How long did you wait

by francine Hardaway on April 1, 2006

How long did you wait the last time you went to an emergency room? And who was there waiting with you — the uninsured, illegal immigrants? Probably not.

Only a relatively small number of people who use the local ER are uninsured. Chances are your fellow visitors, most of whose needs were not really emergent, were ordinary insured working people looking for a convenient way to get prescriptions refilled, children prescribed antibiotics for sore throats, or an unfamiliar ache or pain diagnosed. As many as 75% of emergency room visits are not for emergencies.

Why do people use the hospital’s emergency department so readily? And what does it mean for the future?

Take a good look at this issue and you will soon be looking (again) at the broken health care system as a whole. Because we don’t pay for our own health care, our doctors are no longer compensated for the hours and overhead they put in. We all said we hated it when doctors drove Mercedes, but we didn’t know how much better off we were under the old system.

In the past, doctors went into business to be healers, and they knew that their sacrifices would be offset by a higher standard of living for themselves and their families. It seemed a great tradeoff for the many years of extra training and the lifelong shortage of leisure time. In the past, doctors knew very little outside medicine — which is why they were such pathetic failures as investors.

Managed care changed all that. It’s the insurance plan that now decides how much doctors will be paid — not the patient, not the doctor. A “neutral” third party. As a result, young doctors now consider medicine a job — not a business, not a mission, not a calling. Residents no longer work more than 80 hours a week, or longer than 30 hours on a shift. You may think that’s humane, but for the patient it means no continuity of care in hospitals as doctors change shifts like nurses.

So when the emergency room in the hospital is crowded, there may be a doctor shortage, and there’s certainly a shortage of specialists in hospitals. They are all on salary, and they stick to the time clock. They are not incentivized to do otherwise.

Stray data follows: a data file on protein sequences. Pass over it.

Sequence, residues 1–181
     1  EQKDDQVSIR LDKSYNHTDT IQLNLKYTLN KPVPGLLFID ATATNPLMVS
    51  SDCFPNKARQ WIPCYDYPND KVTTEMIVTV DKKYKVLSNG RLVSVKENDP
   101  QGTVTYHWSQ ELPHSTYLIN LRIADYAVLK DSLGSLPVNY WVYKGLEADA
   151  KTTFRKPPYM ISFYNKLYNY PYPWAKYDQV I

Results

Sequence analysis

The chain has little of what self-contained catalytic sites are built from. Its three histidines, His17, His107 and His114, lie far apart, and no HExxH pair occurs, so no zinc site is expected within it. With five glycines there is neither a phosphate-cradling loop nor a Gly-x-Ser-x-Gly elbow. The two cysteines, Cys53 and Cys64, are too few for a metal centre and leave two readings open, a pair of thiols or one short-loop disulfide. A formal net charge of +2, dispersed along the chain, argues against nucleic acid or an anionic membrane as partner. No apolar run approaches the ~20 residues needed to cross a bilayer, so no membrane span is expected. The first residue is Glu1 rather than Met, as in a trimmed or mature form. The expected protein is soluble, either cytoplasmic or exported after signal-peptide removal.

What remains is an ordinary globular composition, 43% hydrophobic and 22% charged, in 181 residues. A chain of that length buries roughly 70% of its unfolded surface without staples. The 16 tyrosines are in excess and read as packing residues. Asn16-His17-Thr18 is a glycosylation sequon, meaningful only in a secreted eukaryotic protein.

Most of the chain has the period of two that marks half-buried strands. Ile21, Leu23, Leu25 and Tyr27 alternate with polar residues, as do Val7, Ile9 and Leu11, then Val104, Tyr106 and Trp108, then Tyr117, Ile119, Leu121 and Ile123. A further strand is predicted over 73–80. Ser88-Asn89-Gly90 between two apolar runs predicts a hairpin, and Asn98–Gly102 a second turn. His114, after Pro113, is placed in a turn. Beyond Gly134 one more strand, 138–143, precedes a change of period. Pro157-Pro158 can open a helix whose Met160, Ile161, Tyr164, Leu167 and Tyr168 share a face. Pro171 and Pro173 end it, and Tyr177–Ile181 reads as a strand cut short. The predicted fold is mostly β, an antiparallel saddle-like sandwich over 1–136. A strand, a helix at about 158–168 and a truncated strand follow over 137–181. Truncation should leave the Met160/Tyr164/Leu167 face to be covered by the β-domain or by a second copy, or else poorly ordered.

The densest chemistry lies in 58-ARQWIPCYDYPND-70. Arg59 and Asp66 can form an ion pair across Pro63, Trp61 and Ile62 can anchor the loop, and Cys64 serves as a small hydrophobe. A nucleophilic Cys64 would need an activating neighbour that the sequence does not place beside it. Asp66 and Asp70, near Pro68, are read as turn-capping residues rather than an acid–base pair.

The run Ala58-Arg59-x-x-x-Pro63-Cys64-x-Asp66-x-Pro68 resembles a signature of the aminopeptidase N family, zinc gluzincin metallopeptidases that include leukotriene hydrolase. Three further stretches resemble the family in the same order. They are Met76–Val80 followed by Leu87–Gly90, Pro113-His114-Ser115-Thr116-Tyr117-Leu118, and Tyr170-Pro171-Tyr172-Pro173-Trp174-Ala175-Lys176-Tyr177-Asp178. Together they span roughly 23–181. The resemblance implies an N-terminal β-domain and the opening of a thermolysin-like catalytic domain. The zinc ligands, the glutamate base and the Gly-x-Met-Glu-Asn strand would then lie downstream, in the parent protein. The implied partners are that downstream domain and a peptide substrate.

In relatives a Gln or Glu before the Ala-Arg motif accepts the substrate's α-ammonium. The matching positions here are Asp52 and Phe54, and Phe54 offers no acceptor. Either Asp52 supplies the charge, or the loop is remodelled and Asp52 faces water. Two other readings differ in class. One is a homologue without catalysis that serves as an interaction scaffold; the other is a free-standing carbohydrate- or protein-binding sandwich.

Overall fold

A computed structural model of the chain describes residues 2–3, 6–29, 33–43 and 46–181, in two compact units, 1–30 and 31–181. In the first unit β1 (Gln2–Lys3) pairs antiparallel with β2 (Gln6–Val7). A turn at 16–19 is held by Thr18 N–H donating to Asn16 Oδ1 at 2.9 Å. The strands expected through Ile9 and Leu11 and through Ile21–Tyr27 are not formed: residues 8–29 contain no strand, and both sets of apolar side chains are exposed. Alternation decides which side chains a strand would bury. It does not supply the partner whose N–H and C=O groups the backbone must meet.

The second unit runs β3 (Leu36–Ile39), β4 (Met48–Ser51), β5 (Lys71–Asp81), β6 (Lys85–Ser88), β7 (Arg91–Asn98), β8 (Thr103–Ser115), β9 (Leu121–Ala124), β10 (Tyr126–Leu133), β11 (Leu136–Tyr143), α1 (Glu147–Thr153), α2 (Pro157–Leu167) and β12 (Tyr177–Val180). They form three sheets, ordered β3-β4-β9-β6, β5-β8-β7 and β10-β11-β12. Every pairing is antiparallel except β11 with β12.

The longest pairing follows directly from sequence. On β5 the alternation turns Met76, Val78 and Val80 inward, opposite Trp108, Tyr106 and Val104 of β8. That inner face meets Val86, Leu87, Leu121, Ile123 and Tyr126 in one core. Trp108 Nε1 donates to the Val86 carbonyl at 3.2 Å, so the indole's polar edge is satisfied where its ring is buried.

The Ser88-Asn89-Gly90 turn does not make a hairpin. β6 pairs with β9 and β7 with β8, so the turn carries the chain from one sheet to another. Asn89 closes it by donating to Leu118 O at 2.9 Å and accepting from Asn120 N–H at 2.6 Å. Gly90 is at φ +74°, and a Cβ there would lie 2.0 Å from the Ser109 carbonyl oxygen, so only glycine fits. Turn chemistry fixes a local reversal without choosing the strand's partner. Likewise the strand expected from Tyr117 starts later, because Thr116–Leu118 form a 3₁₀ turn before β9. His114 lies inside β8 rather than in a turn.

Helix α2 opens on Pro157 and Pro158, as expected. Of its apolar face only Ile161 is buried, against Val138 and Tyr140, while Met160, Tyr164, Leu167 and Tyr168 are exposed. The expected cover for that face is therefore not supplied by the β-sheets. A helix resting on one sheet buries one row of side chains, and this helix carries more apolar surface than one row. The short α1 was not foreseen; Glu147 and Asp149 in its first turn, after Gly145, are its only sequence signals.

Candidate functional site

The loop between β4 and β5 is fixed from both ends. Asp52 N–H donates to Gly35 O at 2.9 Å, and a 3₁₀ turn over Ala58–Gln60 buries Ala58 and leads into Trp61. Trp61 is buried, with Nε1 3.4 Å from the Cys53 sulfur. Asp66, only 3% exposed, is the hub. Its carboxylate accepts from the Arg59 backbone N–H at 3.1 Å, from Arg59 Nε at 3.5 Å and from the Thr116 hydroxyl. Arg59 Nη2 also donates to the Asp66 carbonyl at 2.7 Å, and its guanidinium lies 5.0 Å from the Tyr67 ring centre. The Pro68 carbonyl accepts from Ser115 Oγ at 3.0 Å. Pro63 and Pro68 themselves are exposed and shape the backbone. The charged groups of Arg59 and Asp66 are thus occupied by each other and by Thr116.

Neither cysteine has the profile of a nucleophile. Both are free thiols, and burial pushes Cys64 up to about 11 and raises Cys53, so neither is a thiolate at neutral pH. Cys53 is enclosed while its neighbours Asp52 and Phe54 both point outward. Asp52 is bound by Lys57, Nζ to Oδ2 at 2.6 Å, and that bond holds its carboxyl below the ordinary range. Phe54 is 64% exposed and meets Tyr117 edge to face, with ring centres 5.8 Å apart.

But at least the hospital ER is staffed 24/7/365. It is always there. Outside the hospital, the care shortage is worse. Primary care physicians and pediatricians are no longer your “real” doctor; chances are they’re only gatekeepers who look at you for ten minutes and send you on if necessary. They don’t know their patients, who change insurance plans when they change jobs, and neither the doctor nor the patient has any loyalty to the other.

A consequence of this is a growing reluctance of medical students to choose primary care or pediatrics as a career. Why should they? The margins are so much higher on cardiac procedures, or orthopedic surgeries.

That’s why you end up going to the emergency room. Something’s wrong with your child, and the doctor’s office can’t see him/her for a week. As a new parent, that’s unacceptable. Or you’re a senior, and you don’t know if you’re having heartburn or a heart attack. You call your primary care doc, and he can’t see you for days. Or, best case scenario, he can and he decides you need some tests or should see a cardiologist.

The cardiologist can’t get you in for a month. And when he does get you in, he simply orders tests, and those take another two weeks. The results don’t come back for two more weeks. And that’s unacceptable.

The emergency room is the universal short cut to a diagnosis and treatment. Never mind that ERs aren’t very good at diagnosing certain conditions, or that you will have to wait twelve hours. That suddenly looks like a better alternative than waiting a month.

Ultimately, this is a self-defeating system. The emergency room is the most expensive place to get medical treatment. The same procedure, the same ten minutes with a physician costs 3x or 10x in an emergency room as it costs in a physician’s office. You don’t care, because you don’t pay. Insurance pays. Your employer pays the insurance.

Ahhhh, but this is all changing. Over the past fifty years, health care has seen all kinds of cost shifts. Costs shifted from the individual to the employer, from the uninsured to the insured. But now there is a new cost shift — back to the patient. Insurance premiums are going up, and employers can’t afford to pay them. Co-pays have gotten higher, and many employers pay only part of the premium for an employee’s care and nothing for his dependents.

Slowly, we are starting to feel the rising costs of health care in our pocketbooks. But we all feel the rising cost of gasoline, too, and we don�t give up our cars. What�s wrong with us? The ER doesn�t know.

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